Invasive species are wreaking havoc in every corner of the world, causing $1.4 trillion in damage annually. In the United States, 42% of Threatened and Endangered Species are at risk due to invasive species, and the situation is only getting worse.
Invasive species are organisms that have been introduced into an area where they don’t belong, and are negatively impacting the ecosystem, the economy, and human health. Pythons are gobbling up birds and alligators in the Everglades, Zebra mussels are clogging up the Great Lakes, and Africanized honey bees (aka killer bees) are attacking people and pets alike. And that’s just to name a few.
People are getting creative. Whether it’s serving invasive lionfish on restaurant menus, marketing nutria fur as a fashionable new product, or involving school kids in weed removal programs, locals are developing unique approaches to getting rid of these pesky invaders. Fortunately, community-based grassroots control methods are showing promise: local eradication projects are three times more likely to succeed than regional projects, and eight times more likely to succeed than nationwide projects. But most local management is isolated – few people outside of the community are aware of these inventive techniques.
That’s where the Invasive Species Initiative comes in.
The goal of ISI is to use photos, articles, videos, and social media to highlight those individuals and groups who are developing innovative approaches to invasive species management.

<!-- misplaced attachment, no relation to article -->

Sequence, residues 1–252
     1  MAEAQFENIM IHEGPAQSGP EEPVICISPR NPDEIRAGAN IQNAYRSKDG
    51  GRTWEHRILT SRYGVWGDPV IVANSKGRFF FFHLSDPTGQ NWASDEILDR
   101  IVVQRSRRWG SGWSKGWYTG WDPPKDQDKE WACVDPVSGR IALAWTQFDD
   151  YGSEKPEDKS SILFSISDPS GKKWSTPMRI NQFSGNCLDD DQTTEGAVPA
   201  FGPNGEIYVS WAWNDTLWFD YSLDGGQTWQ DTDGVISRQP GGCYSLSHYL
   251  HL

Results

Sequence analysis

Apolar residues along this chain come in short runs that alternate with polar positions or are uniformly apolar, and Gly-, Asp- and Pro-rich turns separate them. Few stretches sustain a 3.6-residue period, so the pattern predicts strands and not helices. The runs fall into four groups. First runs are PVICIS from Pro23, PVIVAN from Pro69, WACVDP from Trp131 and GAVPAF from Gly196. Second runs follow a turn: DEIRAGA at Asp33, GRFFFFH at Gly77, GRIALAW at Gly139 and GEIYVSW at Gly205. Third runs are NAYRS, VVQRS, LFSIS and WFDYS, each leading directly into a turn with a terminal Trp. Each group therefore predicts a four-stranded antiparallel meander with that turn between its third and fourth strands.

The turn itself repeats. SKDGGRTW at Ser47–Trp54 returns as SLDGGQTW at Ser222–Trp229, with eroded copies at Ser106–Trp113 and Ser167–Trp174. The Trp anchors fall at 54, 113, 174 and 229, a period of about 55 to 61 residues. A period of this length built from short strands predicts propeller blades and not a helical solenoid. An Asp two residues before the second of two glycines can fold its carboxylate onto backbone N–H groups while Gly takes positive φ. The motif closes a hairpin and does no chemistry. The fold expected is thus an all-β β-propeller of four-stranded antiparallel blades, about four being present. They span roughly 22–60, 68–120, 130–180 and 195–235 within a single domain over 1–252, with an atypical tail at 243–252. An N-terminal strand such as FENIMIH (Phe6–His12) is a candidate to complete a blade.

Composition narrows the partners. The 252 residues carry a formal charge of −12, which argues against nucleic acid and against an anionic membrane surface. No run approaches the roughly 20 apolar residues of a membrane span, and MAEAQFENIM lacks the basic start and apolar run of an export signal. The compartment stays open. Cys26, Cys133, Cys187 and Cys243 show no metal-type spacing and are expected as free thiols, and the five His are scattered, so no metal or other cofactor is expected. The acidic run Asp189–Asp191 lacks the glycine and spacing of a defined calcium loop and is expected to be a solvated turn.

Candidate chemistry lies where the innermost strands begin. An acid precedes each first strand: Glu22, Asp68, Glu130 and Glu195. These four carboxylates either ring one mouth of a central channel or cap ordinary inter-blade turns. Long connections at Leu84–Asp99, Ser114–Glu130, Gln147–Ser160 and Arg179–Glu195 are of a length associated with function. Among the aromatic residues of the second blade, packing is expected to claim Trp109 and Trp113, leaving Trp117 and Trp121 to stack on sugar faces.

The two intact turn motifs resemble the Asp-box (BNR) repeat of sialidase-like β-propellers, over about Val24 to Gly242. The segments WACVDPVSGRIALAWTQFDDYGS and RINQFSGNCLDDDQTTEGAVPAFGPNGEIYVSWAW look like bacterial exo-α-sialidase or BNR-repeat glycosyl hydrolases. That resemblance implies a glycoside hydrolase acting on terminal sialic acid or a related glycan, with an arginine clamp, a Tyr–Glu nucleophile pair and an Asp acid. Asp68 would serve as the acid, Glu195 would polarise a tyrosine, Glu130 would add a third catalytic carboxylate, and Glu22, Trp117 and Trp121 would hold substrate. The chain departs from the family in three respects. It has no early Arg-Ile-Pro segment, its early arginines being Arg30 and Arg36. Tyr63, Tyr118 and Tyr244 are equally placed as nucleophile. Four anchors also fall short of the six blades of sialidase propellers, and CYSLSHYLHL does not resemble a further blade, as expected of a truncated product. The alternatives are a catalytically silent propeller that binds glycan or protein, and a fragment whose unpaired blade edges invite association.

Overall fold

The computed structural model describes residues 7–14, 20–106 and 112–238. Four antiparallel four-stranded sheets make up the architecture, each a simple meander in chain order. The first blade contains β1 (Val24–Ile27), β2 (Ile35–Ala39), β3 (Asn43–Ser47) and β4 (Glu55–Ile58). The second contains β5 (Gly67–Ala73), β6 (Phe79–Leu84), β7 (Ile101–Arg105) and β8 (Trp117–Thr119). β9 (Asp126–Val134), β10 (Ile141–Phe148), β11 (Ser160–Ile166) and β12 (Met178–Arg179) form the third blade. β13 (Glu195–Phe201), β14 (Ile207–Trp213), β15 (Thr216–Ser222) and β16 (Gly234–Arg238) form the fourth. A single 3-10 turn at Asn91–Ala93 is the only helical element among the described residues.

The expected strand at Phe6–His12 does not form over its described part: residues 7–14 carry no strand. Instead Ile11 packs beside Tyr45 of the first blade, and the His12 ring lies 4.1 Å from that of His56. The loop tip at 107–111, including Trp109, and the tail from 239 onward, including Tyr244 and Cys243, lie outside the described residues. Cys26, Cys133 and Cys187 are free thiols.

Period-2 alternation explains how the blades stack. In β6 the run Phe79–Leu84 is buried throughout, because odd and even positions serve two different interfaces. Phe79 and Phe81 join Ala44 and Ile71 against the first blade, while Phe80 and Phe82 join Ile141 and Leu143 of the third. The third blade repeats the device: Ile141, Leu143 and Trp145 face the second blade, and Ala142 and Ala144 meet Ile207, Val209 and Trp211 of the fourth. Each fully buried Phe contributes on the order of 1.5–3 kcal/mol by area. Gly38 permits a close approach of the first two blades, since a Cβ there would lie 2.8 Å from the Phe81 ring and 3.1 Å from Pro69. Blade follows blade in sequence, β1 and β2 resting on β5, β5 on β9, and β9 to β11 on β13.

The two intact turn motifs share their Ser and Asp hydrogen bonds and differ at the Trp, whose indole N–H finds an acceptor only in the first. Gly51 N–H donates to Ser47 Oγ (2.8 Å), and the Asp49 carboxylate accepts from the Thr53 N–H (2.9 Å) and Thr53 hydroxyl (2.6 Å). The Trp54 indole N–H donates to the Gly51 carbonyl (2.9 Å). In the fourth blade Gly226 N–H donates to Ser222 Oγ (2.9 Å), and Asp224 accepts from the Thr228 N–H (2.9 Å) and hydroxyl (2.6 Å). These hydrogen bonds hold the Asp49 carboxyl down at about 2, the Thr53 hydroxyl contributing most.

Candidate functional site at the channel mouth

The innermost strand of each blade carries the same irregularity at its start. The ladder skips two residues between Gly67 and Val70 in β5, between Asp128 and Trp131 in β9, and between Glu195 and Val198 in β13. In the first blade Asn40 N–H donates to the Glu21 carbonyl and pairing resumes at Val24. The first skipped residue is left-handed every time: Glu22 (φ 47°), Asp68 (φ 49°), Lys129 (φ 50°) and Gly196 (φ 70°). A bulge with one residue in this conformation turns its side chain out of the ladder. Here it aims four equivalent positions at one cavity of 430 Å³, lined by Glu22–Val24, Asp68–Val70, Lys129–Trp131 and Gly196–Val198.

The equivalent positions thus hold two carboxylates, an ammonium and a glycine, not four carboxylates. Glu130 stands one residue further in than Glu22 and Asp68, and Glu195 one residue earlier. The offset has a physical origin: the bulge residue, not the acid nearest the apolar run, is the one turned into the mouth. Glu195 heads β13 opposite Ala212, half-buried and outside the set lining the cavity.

Lionfish were introduced off the coast of South Florida in the mid 1980s and have been wreaking havoc throughout the Atlantic, Caribbean, and Gulf of Mexico ever since. Fortunately, locals are fighting back. The Lionfish Project follows divemasters, chefs, scientists, and fishermen as they protect their native ecosystems from this invasive predator.
The Millennial Trains Project takes young people from around the world on a cross-country train journey throughout the States. The Invasive Species Initiative goes on board to see community-based management strategies in L.A., San Antonio, Austin, New Orleans, Atlanta, and Washington, D.C.
Fiji is truly a paradise on earth, but is under attack by invasive species. Fortunately, they have many examples of successful community-based management. The Invasive Species Initiative will delve into what they're doing right, and how we can translate those lessons to other invaded regions around the world.